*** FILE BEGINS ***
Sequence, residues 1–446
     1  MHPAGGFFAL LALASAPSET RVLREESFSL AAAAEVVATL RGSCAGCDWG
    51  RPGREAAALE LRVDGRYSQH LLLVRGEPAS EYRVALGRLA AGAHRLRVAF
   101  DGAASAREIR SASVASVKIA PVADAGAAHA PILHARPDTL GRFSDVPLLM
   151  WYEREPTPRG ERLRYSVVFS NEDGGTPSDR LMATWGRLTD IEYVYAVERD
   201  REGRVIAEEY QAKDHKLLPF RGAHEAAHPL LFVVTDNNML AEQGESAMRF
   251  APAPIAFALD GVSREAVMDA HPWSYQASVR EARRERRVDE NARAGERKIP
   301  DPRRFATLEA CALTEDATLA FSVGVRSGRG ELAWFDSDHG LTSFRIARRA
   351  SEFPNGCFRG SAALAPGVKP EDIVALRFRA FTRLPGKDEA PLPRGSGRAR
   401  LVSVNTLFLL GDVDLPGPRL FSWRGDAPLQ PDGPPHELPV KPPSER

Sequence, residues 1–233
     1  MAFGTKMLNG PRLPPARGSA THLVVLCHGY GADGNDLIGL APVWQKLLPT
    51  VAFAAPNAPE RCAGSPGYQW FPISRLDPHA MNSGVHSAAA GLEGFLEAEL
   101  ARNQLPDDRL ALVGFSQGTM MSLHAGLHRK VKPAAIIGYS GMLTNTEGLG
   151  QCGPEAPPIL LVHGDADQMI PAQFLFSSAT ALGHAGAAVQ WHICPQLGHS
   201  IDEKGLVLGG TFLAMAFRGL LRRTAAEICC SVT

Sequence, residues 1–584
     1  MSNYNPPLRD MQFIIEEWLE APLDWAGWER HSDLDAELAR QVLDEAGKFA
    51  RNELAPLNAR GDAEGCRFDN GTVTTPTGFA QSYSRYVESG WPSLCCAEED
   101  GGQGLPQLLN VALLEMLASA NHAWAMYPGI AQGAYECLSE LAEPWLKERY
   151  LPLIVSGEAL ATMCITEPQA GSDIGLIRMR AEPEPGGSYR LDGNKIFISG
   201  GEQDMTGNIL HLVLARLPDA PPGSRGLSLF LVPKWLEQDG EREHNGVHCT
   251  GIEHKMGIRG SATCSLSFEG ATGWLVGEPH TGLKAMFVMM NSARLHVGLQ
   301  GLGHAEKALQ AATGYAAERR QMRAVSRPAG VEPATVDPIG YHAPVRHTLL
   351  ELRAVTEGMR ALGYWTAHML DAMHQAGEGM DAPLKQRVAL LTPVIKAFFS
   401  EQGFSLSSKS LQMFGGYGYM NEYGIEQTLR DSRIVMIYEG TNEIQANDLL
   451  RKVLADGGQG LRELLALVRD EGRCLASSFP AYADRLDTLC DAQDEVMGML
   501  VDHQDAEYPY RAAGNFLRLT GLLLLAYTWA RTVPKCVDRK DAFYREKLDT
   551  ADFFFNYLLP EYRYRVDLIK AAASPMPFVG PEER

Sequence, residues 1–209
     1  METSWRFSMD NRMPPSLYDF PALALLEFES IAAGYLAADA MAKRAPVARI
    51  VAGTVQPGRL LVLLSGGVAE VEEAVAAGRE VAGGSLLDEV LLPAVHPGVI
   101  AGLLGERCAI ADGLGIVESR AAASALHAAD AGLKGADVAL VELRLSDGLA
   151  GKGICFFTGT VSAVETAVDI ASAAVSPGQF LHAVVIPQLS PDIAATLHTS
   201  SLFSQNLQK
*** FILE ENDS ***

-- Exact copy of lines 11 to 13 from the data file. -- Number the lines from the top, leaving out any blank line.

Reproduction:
Sequence, residues 1–233
     1  MAFGTKMLNG PRLPPARGSA THLVVLCHGY GADGNDLIGL APVWQKLLPT
    51  VAFAAPNAPE RCAGSPGYQW FPISRLDPHA MNSGVHSAAA GLEGFLEAEL